I started reading a new book this weekend that Jen was kind enough to let my buy at Half Price Books: The Visual Display of Quantitative Information, by Edward R. Tufte. I am working through the chapter on data integrity and thought it was apropos to share this article with you about E-Books.
Last Tuesday’s post to the MIT Technology Review blog Mims’s Bits had a wonderfully literary title: The Death of the Book has Been Greatly Exaggerated. I liked the reference to Mark Twain’s remark upon reading his own obituary.
Here’s the key quote from the post:
Here’s the reality this kind of hype is up against: back of the envelope calculations suggest that ebooks are only six pecent of the total market for new books.
How can that be possible, when Amazon recently said that ebooks are outselling hard-cover books at Amazon.com? Easy: Amazon is only 19 percent of the total book market. Also, Amazon has something like 90 percent of the world’s ebook market.
At this point, I think I would be crying wolf one more if I re-stated my position about books vs. E-Books, something I have talked about extensively here. Allow me to make a connection, though.
When digital photography first came on the scene to the average consumer, these Mavicas were all the rage. I mean, who didn’t have a 3.5 floppy drive, and how great were those photos? So much easier than film, that it (film) should be dead in 5 years! Everyone was decrying the end of film photography, and embraced the glories of digital photography. Well, it has been over a decade since that specific camera came out – and what have we discovered? Digital is not the “messiah” of photography, and film is still in use. No, you say? Yes, I say:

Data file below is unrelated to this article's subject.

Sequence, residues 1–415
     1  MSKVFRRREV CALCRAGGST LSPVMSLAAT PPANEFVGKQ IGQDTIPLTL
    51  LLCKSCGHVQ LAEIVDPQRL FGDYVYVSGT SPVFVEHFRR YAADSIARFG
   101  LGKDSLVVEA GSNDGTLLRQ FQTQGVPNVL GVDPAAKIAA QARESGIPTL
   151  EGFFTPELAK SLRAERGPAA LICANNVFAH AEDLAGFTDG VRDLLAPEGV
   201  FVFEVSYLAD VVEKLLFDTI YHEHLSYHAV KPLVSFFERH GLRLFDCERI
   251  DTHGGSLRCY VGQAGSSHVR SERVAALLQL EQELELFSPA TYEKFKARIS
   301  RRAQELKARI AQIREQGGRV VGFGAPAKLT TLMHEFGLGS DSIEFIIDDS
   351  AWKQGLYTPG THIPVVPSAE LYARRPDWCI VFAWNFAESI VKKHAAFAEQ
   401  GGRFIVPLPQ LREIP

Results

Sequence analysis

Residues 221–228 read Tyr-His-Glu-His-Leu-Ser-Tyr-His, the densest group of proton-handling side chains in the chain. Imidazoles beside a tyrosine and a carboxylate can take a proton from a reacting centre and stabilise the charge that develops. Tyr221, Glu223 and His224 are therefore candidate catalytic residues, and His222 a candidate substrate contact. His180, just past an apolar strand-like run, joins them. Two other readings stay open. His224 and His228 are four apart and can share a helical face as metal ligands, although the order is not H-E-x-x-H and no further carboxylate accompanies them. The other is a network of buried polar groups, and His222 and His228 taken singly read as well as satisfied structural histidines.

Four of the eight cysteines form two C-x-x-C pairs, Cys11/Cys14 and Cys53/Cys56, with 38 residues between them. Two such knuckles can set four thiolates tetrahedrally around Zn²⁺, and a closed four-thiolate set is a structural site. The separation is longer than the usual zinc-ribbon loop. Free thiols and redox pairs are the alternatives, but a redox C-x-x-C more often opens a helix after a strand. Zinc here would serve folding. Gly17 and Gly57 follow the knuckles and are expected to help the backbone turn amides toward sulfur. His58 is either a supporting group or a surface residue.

Film is still relevant and is still manufactured. Of course the market has changed, but the complete acceptance of digital photography is not, and probably will not ever be completely extinct. Let me say, though, that I am creating a connection between two processes which are fundamentally different – creating an image and consuming text. There is an incredible array of books not digitized, and there are complex licensing and rights issues associated with E-Books. Are print books gone in five years? I say no, but the market will change in five years, presenting us as readers (and as librarians) with a new paradigm.
So, be careful what you read about E-Books (just like any other trend).